As part of the We Belong Together delegation, I am going to Georgia to try to channel Eleanor Roosevelt. This is a tall order, but if there is ever a moment when her wisdom, passion and commitment was needed, this is it. A pioneer for human rights in her time, Eleanor was a principal drafter of the Universal Declaration of Human Rights, the first document to spell out a set of rights that attach to all people. The horrors of the Holocaust had recently shown what can happen when a state assigns rights based on distinctions like race, political opinion, sexuality or nationality. The Universal Declaration captured a new global consensus that certain rights are so fundamental to our humanity that no government should have the power to grant or take them away.
The Declaration enshrined two concepts that have filtered down, 63 years later, into state and national constitutions (even Georgia’s!), laws and policies, and consequently the way we think of and talk about rights. First, the Declaration recognizes that “all human beings are born free and equal in dignity and rights”. Note the absence of language linking rights to citizenship. Eleanor sought to ensure that everyone had basic rights regardless of nationality, this highlighted her deep concern for the plight of refugees post-World War II. Second, the Declaration recognizes the family as the “natural and fundamental group unit of society.” Today, protecting families lies at the heart of national debates around issues like immigration, healthcare reform, and reproductive rights. At the core of these issues are questions about which individuals and families are considered worthy of rights protection, and who gets to decide.
This question is deeply personal, as I have been on both sides of the fence when it comes to legal protection for my family. Prior to June 24, my partner and I were barred from securing the many benefits that heterosexual New Yorkers could obtain through marriage. The passage of New York’s marriage equality bill changed this, giving legal – and symbolic – recognition to our family. When we married earlier this month, we acknowledged the sheer luck of our timing. Not so long ago, LGBT couples were invisible or reviled, while today we are recognized as legitimate family makers and even, in some places, celebrated for doing so. But our civil rights victory will not be complete until families of immigrants, like those in Arizona and potentially now Georgia, stop being torn apart. Until parents and children are free from the threat of separation from detention or deportation. Until all families are treated with respect because they have human rights, not because they have political power.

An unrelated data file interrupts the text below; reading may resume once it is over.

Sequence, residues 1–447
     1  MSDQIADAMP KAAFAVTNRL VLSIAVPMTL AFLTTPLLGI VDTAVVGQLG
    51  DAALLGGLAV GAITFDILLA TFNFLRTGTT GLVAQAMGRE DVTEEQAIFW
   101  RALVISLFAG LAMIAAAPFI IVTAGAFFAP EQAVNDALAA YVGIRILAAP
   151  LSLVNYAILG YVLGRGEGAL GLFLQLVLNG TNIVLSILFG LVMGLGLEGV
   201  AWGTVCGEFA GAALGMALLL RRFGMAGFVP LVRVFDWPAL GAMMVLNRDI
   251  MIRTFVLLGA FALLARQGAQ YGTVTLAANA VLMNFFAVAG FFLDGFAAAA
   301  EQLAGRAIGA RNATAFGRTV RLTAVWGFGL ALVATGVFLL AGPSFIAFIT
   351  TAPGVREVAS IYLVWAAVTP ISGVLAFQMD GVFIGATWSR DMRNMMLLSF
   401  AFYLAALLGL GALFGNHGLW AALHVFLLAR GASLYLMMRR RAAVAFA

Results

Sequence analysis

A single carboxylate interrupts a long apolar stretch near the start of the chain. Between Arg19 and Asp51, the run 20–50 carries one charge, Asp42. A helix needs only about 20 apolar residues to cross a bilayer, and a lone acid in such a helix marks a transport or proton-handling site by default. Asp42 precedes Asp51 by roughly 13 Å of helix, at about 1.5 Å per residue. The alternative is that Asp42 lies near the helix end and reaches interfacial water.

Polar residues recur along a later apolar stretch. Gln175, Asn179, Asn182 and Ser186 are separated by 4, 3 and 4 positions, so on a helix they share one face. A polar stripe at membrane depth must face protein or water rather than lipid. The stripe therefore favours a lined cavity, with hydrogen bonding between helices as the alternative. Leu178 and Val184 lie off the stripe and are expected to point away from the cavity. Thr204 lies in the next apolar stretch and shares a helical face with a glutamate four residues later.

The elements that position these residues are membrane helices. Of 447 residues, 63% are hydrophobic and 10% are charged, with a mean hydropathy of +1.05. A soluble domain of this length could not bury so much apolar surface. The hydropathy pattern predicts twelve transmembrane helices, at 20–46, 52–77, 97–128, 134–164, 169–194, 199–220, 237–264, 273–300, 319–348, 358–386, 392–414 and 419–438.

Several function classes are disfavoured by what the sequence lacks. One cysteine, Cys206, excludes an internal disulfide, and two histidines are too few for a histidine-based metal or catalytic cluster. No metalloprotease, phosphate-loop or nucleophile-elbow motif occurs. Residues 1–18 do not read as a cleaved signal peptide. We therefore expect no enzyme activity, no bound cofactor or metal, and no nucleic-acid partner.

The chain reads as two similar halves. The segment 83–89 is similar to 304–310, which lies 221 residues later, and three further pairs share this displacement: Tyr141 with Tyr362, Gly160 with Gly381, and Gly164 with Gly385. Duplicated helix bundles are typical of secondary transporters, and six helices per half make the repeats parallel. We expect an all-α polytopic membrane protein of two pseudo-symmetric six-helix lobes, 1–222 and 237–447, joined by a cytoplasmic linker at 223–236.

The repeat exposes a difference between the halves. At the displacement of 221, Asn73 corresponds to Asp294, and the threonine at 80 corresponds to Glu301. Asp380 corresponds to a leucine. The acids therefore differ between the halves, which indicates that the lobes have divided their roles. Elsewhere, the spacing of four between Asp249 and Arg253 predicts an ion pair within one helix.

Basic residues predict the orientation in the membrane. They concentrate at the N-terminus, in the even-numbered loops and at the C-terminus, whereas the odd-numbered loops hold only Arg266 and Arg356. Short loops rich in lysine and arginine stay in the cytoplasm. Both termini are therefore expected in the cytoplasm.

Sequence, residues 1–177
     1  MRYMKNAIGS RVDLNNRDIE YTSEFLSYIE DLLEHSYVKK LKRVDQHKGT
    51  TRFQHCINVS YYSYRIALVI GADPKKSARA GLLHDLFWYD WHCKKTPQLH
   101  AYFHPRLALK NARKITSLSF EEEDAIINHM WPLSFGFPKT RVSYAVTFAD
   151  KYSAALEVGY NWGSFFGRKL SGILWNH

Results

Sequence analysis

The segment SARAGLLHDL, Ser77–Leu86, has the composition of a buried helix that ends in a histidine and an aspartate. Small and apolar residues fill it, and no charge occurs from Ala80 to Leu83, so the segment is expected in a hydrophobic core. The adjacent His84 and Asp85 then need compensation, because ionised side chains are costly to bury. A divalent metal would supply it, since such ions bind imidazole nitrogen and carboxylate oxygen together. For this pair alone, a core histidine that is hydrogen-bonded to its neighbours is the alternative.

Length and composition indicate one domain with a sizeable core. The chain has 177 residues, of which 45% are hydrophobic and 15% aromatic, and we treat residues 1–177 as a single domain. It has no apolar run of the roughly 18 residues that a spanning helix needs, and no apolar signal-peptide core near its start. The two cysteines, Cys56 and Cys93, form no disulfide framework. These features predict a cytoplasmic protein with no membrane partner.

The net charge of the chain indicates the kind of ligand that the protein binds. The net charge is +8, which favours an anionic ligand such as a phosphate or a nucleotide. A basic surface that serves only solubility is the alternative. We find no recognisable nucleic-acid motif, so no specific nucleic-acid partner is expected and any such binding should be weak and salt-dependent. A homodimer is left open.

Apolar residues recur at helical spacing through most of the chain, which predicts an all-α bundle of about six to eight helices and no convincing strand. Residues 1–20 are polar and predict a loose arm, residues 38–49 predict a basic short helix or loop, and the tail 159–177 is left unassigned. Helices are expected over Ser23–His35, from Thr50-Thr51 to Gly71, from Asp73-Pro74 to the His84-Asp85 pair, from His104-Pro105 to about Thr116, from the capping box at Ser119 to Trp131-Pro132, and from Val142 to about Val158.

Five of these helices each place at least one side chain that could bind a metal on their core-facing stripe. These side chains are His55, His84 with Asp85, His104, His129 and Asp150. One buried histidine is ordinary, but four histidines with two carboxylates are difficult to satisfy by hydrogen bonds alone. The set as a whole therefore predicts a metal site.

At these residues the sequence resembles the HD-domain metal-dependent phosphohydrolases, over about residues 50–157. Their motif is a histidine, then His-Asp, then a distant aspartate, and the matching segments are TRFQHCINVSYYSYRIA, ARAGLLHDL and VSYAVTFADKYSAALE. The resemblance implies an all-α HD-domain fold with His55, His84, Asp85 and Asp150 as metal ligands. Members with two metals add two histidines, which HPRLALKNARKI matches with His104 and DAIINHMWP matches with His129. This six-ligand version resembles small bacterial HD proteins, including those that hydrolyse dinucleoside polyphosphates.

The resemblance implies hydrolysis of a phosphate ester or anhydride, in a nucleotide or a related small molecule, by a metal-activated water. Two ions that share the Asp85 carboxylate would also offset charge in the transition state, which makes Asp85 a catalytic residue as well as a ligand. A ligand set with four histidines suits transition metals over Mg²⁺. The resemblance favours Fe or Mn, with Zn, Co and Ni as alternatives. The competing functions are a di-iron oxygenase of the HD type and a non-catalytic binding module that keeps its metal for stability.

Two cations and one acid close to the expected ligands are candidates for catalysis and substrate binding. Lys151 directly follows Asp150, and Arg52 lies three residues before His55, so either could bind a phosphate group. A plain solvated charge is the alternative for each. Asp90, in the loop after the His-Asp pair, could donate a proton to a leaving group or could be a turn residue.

What would Eleanor Roosevelt say if she were joining us in Georgia? I think she would be appalled at how far we have strayed from the foundational concept that rights are universal. I also bet she would remind us that the struggle for human rights is not about recognizing the rights of those who already have them; our modern day equivalents of the post-war refugees are the immigrant families in Georgia and Arizona. Finally, she would tell us to get to work. “Human rights begin”, she said when the Universal Declaration was adopted, “in small places, close to home.” This was a call to work towards the realization of dignity, equality and other human rights not only in state legislatures, but also in our neighborhoods, schools, and workplaces.
I go to Georgia to better understand what is happening in these spaces, so that I can speak out against injustice. I go to honor women and their families whose work our nation thrives on, but whose rights it fails to acknowledge. I go to make connections with other rights-based movements in order to build our collective power. And finally, mindful of a great woman’s legacy, I go to Georgia to help turn the promising, hopeful, universal language of human rights into reality.